campfire burning throughout the Festival!
“I give respect to the boys, and I get
it back… they call me Uncle.”
AHL currently has nine secondary education facilities in Dubbo,
Katherine, Kununurra, Newcastle, Tennant Creek, Thursday Island,
Sydney (2 locations) and Wadeye. Brad speaks regularly with AHL’s
other houseparents and youth workers for advice and to make
sure approaches that work are shared across AHL’s secondary
educations hostels. Staff are heavily invested in students’ success.
Kirinari Hostel has a particularly strong student
development program, which Brad puts a lot of work
into maintaining, including active links with Clontarff’s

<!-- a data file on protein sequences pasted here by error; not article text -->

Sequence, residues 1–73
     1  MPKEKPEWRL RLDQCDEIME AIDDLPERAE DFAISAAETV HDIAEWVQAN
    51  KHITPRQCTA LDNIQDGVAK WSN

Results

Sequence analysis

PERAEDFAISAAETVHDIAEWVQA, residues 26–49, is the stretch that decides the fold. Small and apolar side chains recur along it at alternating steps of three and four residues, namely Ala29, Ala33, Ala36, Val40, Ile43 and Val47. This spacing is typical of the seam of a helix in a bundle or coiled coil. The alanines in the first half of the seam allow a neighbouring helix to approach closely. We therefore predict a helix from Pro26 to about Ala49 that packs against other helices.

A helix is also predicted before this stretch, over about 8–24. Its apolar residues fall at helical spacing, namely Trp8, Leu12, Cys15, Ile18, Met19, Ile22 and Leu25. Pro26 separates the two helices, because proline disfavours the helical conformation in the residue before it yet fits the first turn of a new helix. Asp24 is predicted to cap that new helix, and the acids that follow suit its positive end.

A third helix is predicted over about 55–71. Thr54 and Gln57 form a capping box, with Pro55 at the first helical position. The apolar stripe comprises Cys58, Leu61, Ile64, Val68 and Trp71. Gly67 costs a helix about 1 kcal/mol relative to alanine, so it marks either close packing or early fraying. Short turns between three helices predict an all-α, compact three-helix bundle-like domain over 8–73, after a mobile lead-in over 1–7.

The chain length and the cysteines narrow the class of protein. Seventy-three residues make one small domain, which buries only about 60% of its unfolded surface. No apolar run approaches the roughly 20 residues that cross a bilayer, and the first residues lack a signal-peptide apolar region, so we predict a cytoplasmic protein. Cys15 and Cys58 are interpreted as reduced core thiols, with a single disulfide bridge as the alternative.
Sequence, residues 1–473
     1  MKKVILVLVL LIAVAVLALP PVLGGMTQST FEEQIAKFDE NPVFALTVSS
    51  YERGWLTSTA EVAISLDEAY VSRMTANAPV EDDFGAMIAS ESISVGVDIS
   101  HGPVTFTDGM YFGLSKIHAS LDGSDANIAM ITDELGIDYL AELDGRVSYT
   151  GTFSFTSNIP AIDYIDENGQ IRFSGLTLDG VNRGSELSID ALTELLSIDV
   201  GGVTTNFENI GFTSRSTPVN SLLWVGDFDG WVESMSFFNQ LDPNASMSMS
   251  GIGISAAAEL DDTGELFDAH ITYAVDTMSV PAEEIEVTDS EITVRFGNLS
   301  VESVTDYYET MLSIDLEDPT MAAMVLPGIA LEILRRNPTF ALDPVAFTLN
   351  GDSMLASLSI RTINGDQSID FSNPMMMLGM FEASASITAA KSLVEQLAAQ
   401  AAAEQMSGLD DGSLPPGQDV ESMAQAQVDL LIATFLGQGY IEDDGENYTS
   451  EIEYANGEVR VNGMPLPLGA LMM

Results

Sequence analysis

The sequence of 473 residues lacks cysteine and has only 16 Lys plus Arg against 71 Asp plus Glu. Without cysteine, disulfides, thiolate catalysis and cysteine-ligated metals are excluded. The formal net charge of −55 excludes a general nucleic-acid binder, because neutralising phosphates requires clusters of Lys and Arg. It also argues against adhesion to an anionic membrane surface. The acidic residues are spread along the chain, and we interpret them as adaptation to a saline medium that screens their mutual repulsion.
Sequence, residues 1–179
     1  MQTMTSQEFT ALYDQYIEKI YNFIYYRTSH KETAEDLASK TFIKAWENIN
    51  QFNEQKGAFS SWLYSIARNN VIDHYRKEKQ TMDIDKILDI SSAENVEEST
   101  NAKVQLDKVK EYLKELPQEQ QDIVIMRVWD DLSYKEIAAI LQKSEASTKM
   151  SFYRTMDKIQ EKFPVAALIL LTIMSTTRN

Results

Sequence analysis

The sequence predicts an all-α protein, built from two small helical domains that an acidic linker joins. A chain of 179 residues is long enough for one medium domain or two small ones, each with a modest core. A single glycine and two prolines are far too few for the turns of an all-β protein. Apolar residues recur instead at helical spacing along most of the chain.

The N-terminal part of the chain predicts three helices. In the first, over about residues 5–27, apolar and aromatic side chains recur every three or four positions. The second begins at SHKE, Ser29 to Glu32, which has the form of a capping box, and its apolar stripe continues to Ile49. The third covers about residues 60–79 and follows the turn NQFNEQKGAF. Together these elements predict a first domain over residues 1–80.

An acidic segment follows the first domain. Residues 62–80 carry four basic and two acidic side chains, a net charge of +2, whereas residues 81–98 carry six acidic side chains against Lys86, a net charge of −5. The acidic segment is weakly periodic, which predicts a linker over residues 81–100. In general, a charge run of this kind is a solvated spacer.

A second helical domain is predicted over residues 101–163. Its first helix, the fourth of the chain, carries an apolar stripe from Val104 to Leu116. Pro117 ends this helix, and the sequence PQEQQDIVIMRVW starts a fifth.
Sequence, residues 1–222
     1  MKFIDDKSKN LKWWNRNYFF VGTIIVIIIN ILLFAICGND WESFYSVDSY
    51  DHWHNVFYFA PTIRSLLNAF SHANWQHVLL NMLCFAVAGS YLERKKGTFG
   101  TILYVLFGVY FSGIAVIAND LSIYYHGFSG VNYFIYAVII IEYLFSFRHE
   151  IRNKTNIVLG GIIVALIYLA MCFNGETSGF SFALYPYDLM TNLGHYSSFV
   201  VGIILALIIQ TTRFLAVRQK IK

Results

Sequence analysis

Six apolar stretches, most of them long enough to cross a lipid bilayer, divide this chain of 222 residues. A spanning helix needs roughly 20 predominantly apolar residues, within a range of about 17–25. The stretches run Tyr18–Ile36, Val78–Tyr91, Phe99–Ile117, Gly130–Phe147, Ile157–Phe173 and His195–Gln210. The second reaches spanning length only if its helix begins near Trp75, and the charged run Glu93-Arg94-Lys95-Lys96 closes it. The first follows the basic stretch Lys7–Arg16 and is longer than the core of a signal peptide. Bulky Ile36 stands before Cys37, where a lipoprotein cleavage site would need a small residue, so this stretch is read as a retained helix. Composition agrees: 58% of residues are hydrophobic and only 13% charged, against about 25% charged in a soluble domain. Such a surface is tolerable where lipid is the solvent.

Talented Sports Program and the local Police Citizen’s Youth Club.
These links provide two-way support, so that AHL’s students gain
access to sporting opportunities, excursions, social engagement
and career pathways, while Clontarff can be assured of
accommodation places for talented students identified through
its programs.
It is a family approach which is bearing fruit in terms of student
engagement and education outcomes, and Brad makes a
particular effort to maintain good communication with parents in
his students’ home communities.
Paul and Wesley join in a spear making workshop as
part of the Garma Youth Forum.
Aboriginal Hostels Limited
Remote Students Attend
Barunga Festival
In June 2015, 20 remote students from the Kardu Darrikardu
The Festival gained a lot of accolades from across the
Numida Hostel at Wadeye, along with 17 other students from
Northern Territory and the students from the Kardu Darrikardu
their school, Our Lady of the Sacred Heart, attended the
Numida Hostel enjoyed themselves immensely.
Barunga Festival. Over the weekend the students enjoyed cultural